One of the ongoing conversations at Book Expo America this year was the growth of ebooks. How fast is the market transforming? Is it cannibalizing the print book market? If so, which part? Or is it expanding readership? And all of the potential ramifications and implications of these questions.
I heard people say things like, “yes, ebooks are only a small percent of total book sales now, but you can see how they’re going to be 60% or 70% of the market in a few years.” And I thought to myself, “Really?” The “book industry” is not just one industry; books are purchased by different types of users and for different reasons. So it stands to reason that different parts of the market will transform at different speeds.
What currently sells in physical books
When you break out broad categories of physical books sold in 1st quarter 2011 (data from Bookscan), here’s what you see:
So the single largest category of physical books sold is adult non-fiction which makes up 42% of that market.
What’s selling in ebooks
On the other hand, when you look at what’s selling in ebooks, it’s primarily narrative. The only real data I can cite here are our own figures and the ebook bestsellers lists from individual e-tailers, which are dominated by fiction (the NY Times e-bestsellers separate fiction and non-fiction, but you can’t infer comparative volumes). For example
These counts were taken at one point in time last week and these lists change hourly. I checked back 3 other times and the results were roughly the same (under 20% of the bestselling titles). This is pretty much in line with what’s being reported by publishers.
Here is a chart of Sourcebooks’ unit sales for physical books and the same for ebooks:
So while the majority of our physical book sales are in adult non-fiction, the majority of our ebook sales are in adult fiction.
So what’s missing in this picture?
Right now we’re seeing relatively weak conversion of adult non-fiction to ebooks. While this category of physical books has declined a bit in the last few years (down 1.1% in Q1 2011, per Bookscan), as noted above, it’s still 42% of the print book business.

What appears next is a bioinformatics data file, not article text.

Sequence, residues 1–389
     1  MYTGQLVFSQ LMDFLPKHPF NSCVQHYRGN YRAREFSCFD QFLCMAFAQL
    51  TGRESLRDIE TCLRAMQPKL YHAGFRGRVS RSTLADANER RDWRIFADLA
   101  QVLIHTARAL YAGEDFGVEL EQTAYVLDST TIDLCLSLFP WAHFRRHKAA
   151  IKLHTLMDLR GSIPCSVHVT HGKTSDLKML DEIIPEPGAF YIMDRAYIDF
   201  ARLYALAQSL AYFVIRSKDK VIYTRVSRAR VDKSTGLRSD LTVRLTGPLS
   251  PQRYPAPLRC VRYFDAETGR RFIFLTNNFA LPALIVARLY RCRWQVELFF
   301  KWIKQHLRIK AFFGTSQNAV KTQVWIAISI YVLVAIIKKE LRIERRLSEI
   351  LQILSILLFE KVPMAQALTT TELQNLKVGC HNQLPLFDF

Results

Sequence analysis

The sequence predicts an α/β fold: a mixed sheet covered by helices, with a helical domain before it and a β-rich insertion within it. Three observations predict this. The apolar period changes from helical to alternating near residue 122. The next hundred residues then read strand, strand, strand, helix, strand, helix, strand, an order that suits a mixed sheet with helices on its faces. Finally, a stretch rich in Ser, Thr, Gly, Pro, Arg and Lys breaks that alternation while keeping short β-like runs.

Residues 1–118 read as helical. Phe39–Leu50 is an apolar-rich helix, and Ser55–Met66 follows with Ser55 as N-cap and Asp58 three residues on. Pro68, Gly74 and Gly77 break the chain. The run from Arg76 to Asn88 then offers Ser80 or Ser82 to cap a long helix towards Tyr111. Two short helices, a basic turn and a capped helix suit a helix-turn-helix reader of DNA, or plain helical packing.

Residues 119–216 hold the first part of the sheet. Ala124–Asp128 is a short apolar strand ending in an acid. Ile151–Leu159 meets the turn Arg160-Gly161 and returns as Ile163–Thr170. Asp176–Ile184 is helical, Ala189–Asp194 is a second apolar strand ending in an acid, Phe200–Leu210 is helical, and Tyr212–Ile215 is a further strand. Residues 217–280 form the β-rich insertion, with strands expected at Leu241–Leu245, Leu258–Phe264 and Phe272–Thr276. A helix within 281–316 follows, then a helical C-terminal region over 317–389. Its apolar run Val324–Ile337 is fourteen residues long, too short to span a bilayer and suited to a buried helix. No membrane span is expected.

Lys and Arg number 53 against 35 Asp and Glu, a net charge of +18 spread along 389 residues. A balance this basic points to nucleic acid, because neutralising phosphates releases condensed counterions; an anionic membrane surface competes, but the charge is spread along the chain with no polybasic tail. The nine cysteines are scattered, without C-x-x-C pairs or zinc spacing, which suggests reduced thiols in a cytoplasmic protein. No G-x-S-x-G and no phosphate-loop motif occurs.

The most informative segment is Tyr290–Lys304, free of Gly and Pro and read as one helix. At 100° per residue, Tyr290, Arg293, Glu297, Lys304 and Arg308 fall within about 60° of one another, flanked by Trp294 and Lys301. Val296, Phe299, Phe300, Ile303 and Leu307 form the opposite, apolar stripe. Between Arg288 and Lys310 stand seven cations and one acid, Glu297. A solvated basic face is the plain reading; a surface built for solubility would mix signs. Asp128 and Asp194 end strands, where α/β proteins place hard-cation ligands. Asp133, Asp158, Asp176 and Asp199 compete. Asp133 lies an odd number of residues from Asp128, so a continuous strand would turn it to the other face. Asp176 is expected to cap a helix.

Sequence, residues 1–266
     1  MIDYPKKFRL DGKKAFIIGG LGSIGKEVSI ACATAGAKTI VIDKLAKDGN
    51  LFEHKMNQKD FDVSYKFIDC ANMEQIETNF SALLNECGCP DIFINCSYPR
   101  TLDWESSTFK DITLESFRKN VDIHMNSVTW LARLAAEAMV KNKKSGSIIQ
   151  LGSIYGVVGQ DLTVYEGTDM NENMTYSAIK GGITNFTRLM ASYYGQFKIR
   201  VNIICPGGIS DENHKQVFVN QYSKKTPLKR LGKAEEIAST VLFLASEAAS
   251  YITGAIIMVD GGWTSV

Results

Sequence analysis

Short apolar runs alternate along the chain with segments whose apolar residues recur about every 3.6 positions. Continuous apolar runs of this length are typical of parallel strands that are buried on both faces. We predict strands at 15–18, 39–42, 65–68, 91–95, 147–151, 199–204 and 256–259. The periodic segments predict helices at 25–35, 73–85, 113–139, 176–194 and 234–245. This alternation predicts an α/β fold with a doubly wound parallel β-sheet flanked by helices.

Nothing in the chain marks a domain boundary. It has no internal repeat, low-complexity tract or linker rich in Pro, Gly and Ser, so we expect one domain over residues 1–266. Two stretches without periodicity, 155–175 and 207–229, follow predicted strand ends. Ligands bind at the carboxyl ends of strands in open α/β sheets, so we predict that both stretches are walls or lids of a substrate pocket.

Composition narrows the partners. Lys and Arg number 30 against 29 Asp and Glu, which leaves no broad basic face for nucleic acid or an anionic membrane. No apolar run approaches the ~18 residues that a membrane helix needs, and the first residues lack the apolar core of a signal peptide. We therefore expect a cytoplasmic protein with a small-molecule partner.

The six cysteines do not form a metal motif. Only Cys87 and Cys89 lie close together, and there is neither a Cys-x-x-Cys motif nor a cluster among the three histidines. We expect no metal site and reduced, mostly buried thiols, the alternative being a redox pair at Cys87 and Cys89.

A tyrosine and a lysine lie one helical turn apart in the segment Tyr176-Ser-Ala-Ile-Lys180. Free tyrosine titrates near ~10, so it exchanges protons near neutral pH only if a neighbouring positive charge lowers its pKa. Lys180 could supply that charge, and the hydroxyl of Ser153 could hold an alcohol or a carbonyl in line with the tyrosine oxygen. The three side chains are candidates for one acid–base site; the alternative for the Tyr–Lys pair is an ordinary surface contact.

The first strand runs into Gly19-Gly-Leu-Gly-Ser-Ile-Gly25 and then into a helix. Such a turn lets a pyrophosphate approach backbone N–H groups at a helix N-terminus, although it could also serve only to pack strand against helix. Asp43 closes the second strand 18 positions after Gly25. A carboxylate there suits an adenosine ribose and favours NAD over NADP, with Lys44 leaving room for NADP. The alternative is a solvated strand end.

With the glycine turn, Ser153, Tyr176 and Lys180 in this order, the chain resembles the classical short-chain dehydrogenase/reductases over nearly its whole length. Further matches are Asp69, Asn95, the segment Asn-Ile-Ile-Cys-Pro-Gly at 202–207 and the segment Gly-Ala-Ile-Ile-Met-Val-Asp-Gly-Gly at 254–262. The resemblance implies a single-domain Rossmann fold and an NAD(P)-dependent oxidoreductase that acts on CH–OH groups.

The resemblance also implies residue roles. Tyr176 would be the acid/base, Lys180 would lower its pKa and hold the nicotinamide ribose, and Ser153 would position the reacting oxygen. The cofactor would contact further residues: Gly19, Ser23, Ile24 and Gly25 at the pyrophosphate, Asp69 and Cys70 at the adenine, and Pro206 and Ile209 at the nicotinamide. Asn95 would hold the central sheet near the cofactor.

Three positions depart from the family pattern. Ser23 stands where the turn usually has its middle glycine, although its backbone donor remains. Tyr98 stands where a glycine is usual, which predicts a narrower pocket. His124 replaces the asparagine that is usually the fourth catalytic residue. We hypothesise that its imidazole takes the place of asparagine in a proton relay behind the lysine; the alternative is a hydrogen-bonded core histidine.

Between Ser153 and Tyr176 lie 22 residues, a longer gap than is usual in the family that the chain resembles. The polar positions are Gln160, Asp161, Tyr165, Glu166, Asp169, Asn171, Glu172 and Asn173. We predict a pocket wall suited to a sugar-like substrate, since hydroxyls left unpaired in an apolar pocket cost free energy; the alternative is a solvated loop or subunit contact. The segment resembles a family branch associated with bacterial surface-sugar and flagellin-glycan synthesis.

Again via Bookscan, here were the 5 largest categories of adult non-fiction for Q1 2011:
Reference is the biggest category of non-fiction and our experience at Sourcebooks is that reference is also the hardest category to get right in ebooks. At Sourcebooks, reference is highly formatted: lots of subsections, sidebars, pictures, diagrams, pull-quotes, etc. It’s highly “browseable,” “dippable,” not necessarily a linear reading experience. All the things that we put in to make the book more experiential as a printed book are the very things that are harder to replicate as an experience in an ebook. And there are so many different kinds of reference books.
The other difficult transformation area right now is children’s books (as distinct from young adult books). E-tailers’ bestsellers lists, publisher-reported data, and our own data are not suggesting strong conversion to ebooks yet for juvenile books, outside of cross-over YA (e.g., The Hunger Games and Twilight).
The importance of narrative
Stories seem to be at the heart of ebooks right now. Even the successful non-fiction ebooks we’re seeing skew to narrative - memoirs and biography and history. They’re all stories – and they’re all linear reading experiences.
Are apps the future of adult non-fiction and/or children’s books?
One of the interesting questions being asked today is what can digital look like for illustrated children’s books and reference products? It’s one of the things we’ve been thinking about a lot at Sourcebooks. Although it is still early days, I am inclined to believe that we are likely to make real progress with apps and websites. For example, you can look at the Books bestsellers list on Apple’s App Store and see a lot of illustrated children’s books.
That thinking is also why we decided to turn the #1 bestselling Fiske Guide to Colleges into the iPad app Fiske Interactive College Guide. And it’s at the heart of the development work that we’re now doing with our authors and other partners.
What do you think? Feel free to jot your ideas in the comments.
As always, looking forward to the conversation.